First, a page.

“My education at Park provided a solid foundation for my future academic career,” said Stephens, who, after he retired, wanted to find a way to give back to his alma mater. By establishing a charitable gift annuity with Park, he found a way to not only support Park, but to also create an additional source of personal income during his retirement years.
As a specialist in metropolitan and state government, Stephens is known for his research on public finance, public policy and intergovernmental relations. A former president of the Missouri Political Science Association, Stephens has served as a consultant to federal, state and local governments, and universities. He has also served as a survey statistician with the U.S. Department of the Navy, as the senior president in public finance at the U.S. Advisory Commission on Intergovernmental Relations and as a senior staff member for three Ford Foundation urban studies groups.
“The charitable gift annuity offers a smart way for me to support Park while generating some tax-free income for myself. It’s a win-win way to give.” The advantage prompted Stephens to establish a second charitable gift annuity this year, totaling a contribution of $40,000 to Park.
Stephens has authored two books and has been an expert source and contributor to the media, including The San Diego Union-Tribune, The Kansas City Star, Journal of Politics, National Tax Journal, Policy Studies Review, Land Economics, National Civic Review, Urban Affairs Quarterly and American Review of Public Administration.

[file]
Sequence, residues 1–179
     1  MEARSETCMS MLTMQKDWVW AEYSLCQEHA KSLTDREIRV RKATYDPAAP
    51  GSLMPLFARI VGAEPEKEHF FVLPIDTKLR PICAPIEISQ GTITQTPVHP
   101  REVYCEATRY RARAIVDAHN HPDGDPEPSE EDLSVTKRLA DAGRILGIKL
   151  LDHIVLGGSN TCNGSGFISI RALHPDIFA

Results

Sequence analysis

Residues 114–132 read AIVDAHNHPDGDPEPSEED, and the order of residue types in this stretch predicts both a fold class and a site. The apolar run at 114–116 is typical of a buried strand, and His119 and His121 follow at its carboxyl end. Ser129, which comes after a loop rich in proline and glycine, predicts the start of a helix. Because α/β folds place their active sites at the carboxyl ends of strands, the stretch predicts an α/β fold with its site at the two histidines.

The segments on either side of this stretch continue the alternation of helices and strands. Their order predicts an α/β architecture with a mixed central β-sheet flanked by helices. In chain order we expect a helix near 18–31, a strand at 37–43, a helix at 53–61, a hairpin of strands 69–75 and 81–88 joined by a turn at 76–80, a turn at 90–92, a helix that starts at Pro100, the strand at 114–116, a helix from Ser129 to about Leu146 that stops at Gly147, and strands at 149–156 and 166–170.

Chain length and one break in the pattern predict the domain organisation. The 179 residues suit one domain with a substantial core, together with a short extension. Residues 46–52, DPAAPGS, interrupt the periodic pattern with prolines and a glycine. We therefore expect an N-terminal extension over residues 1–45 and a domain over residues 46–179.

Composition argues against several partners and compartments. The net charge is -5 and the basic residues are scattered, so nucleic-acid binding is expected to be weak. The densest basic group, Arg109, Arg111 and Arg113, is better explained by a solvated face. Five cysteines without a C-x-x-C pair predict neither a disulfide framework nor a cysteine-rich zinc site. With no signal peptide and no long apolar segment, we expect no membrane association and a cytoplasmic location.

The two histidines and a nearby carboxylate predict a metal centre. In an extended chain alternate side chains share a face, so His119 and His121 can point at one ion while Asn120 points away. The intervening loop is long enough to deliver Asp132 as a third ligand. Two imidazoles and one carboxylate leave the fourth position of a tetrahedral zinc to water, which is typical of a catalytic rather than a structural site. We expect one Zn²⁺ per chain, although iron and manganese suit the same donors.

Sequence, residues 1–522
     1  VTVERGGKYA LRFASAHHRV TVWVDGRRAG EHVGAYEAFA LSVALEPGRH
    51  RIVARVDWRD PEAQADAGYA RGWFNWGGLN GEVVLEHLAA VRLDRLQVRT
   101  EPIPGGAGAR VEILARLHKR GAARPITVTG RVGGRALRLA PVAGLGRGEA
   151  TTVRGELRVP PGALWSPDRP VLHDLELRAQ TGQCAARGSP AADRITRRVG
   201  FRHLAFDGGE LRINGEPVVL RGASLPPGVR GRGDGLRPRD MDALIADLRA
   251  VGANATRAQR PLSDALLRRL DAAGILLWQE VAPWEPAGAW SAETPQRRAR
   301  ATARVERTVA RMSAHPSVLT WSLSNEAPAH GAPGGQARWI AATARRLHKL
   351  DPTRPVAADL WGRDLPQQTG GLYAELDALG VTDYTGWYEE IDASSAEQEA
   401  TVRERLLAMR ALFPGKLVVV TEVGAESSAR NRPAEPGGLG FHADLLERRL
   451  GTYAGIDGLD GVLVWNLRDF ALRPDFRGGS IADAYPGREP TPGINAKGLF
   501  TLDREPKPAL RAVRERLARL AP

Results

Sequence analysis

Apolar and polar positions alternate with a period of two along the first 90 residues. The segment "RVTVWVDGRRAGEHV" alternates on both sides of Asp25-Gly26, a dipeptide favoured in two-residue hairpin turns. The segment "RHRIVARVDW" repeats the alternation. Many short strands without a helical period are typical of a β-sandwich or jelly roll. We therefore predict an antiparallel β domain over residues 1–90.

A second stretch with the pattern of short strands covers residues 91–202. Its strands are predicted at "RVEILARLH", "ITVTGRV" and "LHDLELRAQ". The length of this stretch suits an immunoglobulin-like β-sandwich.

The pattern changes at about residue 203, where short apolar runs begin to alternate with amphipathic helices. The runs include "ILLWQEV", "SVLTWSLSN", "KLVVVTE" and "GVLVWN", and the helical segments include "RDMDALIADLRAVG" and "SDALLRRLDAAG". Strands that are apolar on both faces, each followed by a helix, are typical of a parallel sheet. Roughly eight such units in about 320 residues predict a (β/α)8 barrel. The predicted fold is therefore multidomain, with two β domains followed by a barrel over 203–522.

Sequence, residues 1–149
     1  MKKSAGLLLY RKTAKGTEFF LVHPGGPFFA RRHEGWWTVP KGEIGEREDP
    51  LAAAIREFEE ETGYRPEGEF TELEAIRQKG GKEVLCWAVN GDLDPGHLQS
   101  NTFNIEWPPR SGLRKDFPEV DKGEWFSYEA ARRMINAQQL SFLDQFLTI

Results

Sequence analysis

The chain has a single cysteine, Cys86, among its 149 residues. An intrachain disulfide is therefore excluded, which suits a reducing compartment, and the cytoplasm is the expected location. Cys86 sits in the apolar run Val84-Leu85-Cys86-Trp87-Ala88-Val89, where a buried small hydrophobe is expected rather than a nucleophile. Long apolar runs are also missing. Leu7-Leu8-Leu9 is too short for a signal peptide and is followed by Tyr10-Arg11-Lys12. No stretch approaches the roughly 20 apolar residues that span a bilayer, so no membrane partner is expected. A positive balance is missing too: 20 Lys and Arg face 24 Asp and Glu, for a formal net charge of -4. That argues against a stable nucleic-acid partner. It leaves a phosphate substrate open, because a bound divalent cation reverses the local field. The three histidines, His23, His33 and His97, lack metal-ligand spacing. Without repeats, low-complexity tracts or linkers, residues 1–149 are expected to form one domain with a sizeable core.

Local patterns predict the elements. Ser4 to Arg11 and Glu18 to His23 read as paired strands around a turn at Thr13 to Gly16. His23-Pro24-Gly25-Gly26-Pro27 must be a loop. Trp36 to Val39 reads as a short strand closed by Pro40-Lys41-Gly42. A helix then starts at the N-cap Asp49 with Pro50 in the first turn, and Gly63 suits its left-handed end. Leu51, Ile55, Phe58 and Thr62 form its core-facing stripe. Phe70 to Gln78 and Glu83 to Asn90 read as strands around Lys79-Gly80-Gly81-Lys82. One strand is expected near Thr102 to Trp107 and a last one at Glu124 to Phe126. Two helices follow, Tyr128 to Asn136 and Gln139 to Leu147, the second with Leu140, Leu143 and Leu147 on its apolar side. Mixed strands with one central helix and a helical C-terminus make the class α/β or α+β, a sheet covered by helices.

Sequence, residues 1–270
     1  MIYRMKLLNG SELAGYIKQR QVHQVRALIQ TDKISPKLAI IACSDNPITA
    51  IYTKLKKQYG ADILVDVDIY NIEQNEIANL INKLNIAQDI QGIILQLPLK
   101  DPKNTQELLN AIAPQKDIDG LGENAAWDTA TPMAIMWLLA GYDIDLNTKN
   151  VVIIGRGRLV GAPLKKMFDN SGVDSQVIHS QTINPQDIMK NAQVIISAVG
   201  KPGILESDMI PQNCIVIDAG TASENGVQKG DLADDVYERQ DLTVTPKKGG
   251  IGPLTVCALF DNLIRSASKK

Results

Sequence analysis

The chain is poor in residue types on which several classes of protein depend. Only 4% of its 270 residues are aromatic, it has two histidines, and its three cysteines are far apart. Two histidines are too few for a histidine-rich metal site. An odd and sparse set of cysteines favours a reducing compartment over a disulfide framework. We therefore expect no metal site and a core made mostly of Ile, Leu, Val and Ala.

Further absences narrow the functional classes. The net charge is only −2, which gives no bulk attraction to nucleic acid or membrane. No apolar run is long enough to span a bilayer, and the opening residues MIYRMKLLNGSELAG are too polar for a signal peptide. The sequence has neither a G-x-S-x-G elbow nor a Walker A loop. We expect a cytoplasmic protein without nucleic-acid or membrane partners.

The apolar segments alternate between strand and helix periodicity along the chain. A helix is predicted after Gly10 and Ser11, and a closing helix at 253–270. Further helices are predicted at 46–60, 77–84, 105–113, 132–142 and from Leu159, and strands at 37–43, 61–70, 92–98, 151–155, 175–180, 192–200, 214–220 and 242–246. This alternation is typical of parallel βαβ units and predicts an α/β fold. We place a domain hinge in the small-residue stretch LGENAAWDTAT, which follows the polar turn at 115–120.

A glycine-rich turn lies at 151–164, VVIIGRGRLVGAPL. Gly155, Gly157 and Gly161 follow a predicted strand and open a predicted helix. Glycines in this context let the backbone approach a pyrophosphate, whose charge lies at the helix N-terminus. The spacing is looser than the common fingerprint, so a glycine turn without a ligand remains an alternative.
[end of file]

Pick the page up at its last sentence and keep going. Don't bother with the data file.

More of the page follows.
Stephens directed his charitable gift annuities toward a priority that matters most to him: professional faculty development. Specifically, he designated his gift to support the professional activities of full-time Park faculty teaching political science and/or public administration, including research, professional conferences and other professional development activities when other funds are not available.
By example, Stephens demonstrates the value of lifelong learning. He believes in the increasing importance of a college education, particularly the liberal education emphasized at Park. “It’s more valuable than ever to have a well-rounded education to understand our ever-changing world,” Stephens said.
Charitable Gift Annuity
Remainder to Park
Charitable Gift Annuity: How It Works A charitable gift annuity offers a mutually beneficial way to support Park University while receiving steady payments during retirement years. Through a simple contract, a donor agrees to contribute cash, stocks or other assets to Park, and in return, receive fixed payments every year for a lifetime. A charitable gift annuity offers additional benefits, including: • Initial gift is partially income tax deductible • Payments are partially income tax free throughout an estimated life expectancy • Payments are not affected by ups and downs in the economy • The gift annuity can be for one or two people, enabling a spouse or other loved one to receive payments for life • Using appreciated stock to make a gift annuity allows the donor to usually eliminate the capital gains tax on a portion of the gift and spread the rest of the gain over the life expectancy To learn more about charitable gift annuities as a way to support Park University, contact Nathan Marticke, associate vice president of constituent development, at firstname.lastname@example.org or (816) 584-6844.